Shocking numbers of men blame poor mental health on job

Shocking numbers of men blame poor mental health on job

A charity has cited work as the main factor in causing poor mental health amongst men – AOL reports.

Mind, who campaign for increased support and respect in regards to mental health, say that men who work in industries where a ‘macho culture’ exists are prevented from opening up about their feelings.

The charity raised concerns that many men do not feel able to speak to their bosses about the impact their job is having on their wellbeing.

Mind’s survey found that one in three male workers attribute poor mental health to their job, compared with 14% who say its problems outside of work that cause bad mental health.

The survey also found that men are less likely to seek help or take time off work – 43% of women claim they have spent time off work for poor mental health compared to 29% of men.

Instead of opening up, men will often turn to TV, exercise or drink, the charity says.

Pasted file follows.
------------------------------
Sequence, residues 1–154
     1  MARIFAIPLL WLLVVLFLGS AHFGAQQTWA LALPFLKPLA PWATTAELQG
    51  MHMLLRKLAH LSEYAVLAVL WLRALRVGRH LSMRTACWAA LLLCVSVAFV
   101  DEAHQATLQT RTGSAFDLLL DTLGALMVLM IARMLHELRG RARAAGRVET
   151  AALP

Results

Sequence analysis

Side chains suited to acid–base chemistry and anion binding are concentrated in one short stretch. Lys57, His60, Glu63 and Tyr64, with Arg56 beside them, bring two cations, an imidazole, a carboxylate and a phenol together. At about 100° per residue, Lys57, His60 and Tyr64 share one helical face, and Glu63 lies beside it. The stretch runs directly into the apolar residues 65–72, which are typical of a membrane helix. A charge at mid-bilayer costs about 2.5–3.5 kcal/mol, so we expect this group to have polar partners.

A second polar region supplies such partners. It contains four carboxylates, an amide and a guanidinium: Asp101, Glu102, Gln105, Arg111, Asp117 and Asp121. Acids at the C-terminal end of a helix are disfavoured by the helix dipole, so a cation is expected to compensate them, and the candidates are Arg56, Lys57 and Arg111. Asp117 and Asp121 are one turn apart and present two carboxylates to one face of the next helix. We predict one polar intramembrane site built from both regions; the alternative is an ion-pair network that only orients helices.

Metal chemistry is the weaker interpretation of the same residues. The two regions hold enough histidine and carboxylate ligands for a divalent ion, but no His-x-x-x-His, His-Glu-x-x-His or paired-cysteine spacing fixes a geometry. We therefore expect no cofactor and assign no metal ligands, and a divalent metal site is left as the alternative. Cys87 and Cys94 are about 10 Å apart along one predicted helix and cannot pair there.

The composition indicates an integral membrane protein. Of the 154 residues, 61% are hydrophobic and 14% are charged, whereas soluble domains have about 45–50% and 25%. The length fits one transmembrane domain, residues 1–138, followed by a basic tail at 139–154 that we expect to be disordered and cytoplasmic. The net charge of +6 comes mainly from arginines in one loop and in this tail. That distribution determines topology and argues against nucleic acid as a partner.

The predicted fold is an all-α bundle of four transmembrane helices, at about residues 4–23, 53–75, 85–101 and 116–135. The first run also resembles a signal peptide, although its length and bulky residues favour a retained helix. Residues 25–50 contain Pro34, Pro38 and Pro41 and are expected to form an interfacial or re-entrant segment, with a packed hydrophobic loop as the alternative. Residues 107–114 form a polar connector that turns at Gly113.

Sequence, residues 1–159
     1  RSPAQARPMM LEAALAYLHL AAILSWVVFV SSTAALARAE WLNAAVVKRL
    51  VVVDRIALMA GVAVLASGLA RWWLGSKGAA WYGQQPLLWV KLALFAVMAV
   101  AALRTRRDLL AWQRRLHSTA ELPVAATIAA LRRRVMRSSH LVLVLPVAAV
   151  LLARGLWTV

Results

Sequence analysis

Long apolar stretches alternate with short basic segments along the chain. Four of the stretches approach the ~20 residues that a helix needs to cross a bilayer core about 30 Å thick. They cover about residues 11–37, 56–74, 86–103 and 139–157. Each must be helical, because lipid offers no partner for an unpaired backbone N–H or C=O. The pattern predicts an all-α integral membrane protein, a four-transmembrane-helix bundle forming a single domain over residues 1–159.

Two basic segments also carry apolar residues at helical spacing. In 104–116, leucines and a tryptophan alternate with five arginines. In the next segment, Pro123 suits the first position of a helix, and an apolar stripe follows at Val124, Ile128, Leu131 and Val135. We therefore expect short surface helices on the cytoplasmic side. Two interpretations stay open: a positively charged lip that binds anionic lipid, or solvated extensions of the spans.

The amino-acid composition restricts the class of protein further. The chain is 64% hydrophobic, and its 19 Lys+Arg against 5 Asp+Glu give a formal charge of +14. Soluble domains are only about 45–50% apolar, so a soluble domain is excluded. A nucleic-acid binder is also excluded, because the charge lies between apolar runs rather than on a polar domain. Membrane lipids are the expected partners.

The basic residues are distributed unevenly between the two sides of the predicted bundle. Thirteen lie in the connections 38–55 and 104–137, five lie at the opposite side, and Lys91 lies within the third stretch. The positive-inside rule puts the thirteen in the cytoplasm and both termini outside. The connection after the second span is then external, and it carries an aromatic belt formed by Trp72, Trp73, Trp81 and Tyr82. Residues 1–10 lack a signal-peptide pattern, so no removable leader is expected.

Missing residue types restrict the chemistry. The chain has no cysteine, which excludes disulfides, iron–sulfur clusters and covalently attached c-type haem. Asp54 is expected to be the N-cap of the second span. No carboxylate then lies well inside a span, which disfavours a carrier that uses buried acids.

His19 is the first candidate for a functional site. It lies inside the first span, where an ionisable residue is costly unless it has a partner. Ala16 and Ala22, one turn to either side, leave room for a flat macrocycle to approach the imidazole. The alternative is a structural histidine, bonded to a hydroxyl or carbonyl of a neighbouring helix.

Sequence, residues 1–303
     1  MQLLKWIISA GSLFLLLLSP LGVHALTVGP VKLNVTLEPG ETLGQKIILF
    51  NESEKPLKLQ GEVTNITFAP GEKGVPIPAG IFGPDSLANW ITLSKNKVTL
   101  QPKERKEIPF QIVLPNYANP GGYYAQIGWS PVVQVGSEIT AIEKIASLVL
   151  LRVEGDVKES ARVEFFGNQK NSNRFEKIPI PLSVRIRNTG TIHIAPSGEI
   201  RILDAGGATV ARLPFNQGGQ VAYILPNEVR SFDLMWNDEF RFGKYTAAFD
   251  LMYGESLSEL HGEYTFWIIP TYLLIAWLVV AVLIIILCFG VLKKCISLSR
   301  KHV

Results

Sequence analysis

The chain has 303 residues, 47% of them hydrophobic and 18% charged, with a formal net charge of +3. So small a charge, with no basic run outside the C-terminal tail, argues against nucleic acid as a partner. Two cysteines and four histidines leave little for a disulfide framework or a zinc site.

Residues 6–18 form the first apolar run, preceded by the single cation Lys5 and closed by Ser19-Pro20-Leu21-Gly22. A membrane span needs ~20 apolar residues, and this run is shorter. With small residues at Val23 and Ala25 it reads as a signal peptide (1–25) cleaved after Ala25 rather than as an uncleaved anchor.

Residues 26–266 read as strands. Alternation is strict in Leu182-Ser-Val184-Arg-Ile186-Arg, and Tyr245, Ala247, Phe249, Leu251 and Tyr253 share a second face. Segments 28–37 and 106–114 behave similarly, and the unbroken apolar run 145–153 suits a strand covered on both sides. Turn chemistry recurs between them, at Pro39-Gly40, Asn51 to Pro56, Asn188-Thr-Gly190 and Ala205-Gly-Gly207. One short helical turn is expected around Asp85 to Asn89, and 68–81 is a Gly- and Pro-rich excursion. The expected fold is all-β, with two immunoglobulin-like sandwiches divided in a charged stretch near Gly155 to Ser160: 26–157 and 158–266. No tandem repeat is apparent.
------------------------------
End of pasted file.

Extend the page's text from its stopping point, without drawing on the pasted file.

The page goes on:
Emma Mamo, Head of Workplace Wellbeing at Mind, said: "Our research shows that work is the main factor causing men poor mental health, above problems outside work.

"Many men work in industries where a macho culture prevails or where a competitive environment may exist which prevents them from feeling able to be open.

"It is concerning that so many men find themselves unable to speak to their bosses about the impact that work is having on their wellbeing and even more worrying that they are then not asking to take time off when they need it.

"Our research shows that the majority of managers feels confident in supporting employees with mental health problems, but they can only offer extra support if they're aware there is a problem.

"In the last few years, we've seen employers come on leaps and bounds when it comes to tackling stress and supporting the mental wellbeing of their staff, including those with a diagnosed mental health problem. However, there is more to do and employers do need to recognise the different approaches they may need to adopt in how they address mental health in the workplace.”

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